What's in a number?
To some people its superstition. To others its a reminder of their past. Others don't really care about it. But to some, its tradition.
That is the case on the Syracuse football team with #44. A number that has been worn by the greatest running back ever, Jim Brown, the first black Heisman winner, Ernie Davis, his successor, Floyd Little, and one of the toughest backs ever, Larry Csonka. All attended Syracuse and wore this storied number.
None of their stories were as dramatic and inspirational as Ernie Davis, recently depicted in the movie "The Express." Growing up in Uniontown, Pennsylvania and losing his father at the age of 12, Davis had his share of hardships as a child. And, oh yeah, he was a black in a turbulent America.
Davis was a beast at his high school in Elmira, New York, later gaining the nickname of the "Elmira Express." In recruiting Davis, Coach Schwartzwalder even brought along Jim Brown to solidify Davis' commitment to Syracuse.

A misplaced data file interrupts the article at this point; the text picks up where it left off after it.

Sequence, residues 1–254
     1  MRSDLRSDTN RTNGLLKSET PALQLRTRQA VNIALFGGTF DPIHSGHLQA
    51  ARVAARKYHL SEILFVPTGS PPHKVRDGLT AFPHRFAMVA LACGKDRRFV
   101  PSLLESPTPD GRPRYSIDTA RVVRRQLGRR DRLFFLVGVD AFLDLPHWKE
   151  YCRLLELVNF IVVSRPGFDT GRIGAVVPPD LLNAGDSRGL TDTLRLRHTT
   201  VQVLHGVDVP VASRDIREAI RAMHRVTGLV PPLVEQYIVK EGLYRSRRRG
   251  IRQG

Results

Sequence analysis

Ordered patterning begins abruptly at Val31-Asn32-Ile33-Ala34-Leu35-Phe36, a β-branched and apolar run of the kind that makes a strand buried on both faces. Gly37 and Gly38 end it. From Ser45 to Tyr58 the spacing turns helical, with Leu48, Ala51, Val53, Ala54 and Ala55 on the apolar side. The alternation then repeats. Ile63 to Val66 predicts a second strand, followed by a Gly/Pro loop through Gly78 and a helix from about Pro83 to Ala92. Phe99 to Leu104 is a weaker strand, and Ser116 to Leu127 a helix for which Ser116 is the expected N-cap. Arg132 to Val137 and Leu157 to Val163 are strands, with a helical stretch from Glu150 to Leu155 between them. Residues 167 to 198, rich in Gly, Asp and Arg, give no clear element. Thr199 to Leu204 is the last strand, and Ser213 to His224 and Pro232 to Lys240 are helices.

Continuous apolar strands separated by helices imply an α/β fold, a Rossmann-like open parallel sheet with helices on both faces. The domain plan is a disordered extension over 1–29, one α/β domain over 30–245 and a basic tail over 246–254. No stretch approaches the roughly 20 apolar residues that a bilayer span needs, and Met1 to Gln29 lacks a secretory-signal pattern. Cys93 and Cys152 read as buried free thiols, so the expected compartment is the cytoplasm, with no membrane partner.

The movie was good but possibly dramatized too much in order to sell tickets and make money. But despite that, the movie captures the ups and downs of Davis' life, including the 1960 Cotton Bowl against Texas, where the movie portrays Texas as barbaric, hateful beings. Although some of this may be true, some sources indicate that it is not.
Ernie Davis' life was all about football. That was until his grandfather, a father figure to Ernie, died and Davis was diagnosed with Leukemia. Davis remembered the color of his skin and wanted to be a role model for young African-Americans across the country. Although the movie does capture some of the caused inspiration, it does not fully depict the lasting effect Davis had on college football and American society.
Davis was a great man. He weathered the racial storm. He never backed down. He was courageous in the face of hatred. He was #44.
But in the end, only one number mattered: 23. The age Ernie Davis reached before passing away because of leukemia.
He deserved better.